The authors of the research brief will be discussing their findings at an upcoming event, "Too Much Evidence to Ignore: New Findings on the Impact of Quality Preschool at Scale," which will take place from 1:00 to 3:00 PM on October 16, 2013, at the New America Foundation in Washington, DC. Twitter hashtag: #toomuchevidence.ABOUT THE FOUNDATION FOR CHILD DEVELOPMENT
Sarah Mancoll | EurekAlert!
New Master’s programme: University of Kaiserslautern educates experts in quantum technology
15.03.2017 | Technische Universität Kaiserslautern
Decision-making research in children: Rules of thumb are learned with time
19.10.2016 | Max-Planck-Institut für Bildungsforschung
The Institute of Semiconductor Technology and the Institute of Physical and Theoretical Chemistry, both members of the Laboratory for Emerging Nanometrology (LENA), at Technische Universität Braunschweig are partners in a new European research project entitled ChipScope, which aims to develop a completely new and extremely small optical microscope capable of observing the interior of living cells in real time. A consortium of 7 partners from 5 countries will tackle this issue with very ambitious objectives during a four-year research program.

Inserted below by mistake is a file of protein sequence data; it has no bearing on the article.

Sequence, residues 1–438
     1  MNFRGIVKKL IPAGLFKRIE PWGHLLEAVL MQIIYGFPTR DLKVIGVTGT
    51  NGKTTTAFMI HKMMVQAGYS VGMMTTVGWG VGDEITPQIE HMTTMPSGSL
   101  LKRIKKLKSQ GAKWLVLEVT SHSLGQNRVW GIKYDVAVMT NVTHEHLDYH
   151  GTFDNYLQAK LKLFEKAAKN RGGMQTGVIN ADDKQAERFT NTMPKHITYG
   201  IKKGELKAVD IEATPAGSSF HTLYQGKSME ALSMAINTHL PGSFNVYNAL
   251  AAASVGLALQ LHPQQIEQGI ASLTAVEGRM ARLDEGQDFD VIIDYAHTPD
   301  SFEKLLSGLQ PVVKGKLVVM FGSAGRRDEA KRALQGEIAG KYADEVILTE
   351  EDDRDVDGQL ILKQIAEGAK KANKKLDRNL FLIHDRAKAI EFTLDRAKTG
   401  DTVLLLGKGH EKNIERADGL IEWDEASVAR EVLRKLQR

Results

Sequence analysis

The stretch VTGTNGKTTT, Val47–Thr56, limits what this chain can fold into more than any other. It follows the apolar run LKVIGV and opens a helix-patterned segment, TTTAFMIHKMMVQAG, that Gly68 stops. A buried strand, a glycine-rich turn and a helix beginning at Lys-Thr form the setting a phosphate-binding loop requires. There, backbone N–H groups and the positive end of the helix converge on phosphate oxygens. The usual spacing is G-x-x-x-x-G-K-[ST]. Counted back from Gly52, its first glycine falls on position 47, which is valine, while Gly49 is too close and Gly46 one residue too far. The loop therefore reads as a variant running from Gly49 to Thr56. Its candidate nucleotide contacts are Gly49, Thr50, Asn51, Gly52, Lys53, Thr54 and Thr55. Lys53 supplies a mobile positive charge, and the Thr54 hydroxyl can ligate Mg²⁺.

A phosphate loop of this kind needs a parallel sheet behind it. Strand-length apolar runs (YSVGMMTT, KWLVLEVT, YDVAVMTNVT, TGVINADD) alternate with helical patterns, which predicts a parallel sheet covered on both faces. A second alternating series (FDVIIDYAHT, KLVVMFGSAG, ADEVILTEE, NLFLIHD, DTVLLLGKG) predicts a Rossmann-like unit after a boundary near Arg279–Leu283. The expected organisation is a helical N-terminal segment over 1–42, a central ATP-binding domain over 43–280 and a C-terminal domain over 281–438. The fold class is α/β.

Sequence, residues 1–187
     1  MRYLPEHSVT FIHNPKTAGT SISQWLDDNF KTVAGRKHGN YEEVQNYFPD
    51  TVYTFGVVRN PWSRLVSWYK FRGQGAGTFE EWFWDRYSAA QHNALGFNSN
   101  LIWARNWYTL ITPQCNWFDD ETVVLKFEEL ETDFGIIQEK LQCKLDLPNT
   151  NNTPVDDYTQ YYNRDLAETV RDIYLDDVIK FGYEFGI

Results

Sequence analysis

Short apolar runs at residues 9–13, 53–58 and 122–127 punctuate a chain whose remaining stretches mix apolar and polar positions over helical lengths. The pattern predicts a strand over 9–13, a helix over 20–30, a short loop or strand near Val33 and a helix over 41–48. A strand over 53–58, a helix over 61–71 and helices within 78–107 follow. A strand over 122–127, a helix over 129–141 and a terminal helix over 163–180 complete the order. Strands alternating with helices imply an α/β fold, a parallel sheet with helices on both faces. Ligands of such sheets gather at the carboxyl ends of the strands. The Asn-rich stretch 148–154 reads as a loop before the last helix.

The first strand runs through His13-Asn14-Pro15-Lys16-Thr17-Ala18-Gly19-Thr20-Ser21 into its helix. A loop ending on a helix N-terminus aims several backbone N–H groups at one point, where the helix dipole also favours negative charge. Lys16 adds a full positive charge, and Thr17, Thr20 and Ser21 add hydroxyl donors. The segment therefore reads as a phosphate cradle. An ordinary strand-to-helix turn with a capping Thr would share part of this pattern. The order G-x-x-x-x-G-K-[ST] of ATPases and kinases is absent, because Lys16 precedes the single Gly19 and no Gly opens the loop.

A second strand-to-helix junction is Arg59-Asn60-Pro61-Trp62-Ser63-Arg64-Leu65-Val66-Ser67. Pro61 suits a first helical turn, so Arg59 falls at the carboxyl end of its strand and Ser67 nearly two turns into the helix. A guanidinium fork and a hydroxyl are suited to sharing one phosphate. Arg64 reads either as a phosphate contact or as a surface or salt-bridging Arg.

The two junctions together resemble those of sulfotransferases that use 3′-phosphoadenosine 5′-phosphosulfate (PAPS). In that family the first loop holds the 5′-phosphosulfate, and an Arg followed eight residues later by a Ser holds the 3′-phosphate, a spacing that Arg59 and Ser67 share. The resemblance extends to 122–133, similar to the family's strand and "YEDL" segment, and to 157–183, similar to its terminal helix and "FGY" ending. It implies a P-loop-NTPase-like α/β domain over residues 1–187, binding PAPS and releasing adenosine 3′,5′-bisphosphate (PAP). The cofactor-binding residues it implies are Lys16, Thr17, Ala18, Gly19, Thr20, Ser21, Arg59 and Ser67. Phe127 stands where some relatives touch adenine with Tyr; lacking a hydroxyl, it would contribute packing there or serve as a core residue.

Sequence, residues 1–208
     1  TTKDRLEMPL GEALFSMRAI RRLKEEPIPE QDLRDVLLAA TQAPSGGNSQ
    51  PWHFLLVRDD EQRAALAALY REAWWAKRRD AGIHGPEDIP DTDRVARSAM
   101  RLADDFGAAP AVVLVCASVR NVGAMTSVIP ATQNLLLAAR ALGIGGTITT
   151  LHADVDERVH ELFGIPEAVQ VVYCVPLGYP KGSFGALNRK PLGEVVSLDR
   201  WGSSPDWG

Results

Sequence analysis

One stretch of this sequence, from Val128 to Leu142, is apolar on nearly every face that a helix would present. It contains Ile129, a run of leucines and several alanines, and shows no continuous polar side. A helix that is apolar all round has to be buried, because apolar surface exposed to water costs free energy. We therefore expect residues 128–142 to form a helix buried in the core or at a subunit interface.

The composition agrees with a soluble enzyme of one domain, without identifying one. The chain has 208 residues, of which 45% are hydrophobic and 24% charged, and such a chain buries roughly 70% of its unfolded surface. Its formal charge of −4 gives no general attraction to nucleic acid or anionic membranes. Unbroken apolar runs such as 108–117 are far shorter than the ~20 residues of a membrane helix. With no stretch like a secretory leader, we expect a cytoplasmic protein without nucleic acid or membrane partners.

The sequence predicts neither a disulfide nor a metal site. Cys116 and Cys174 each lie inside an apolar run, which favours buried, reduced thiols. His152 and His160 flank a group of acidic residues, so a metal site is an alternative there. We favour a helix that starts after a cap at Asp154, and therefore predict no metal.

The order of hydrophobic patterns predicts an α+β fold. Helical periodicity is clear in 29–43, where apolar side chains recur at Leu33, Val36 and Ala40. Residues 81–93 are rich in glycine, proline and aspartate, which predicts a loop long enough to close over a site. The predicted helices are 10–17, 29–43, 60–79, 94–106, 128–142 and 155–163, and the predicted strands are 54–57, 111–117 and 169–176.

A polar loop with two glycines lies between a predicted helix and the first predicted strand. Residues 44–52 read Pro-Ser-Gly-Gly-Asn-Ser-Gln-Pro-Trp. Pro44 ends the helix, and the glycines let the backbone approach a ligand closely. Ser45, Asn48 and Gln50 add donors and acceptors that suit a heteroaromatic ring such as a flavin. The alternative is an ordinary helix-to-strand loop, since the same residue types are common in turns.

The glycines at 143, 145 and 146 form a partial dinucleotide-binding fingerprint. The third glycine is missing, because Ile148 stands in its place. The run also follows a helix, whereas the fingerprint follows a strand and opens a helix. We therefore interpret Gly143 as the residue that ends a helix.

To demonstrate the usefulness of this new scientific tool, at the end of the project the developed chip-sized microscope will be used to observe in real-time...
Astronomers from Bonn and Tautenburg in Thuringia (Germany) used the 100-m radio telescope at Effelsberg to observe several galaxy clusters. At the edges of these large accumulations of dark matter, stellar systems (galaxies), hot gas, and charged particles, they found magnetic fields that are exceptionally ordered over distances of many million light years. This makes them the most extended magnetic fields in the universe known so far.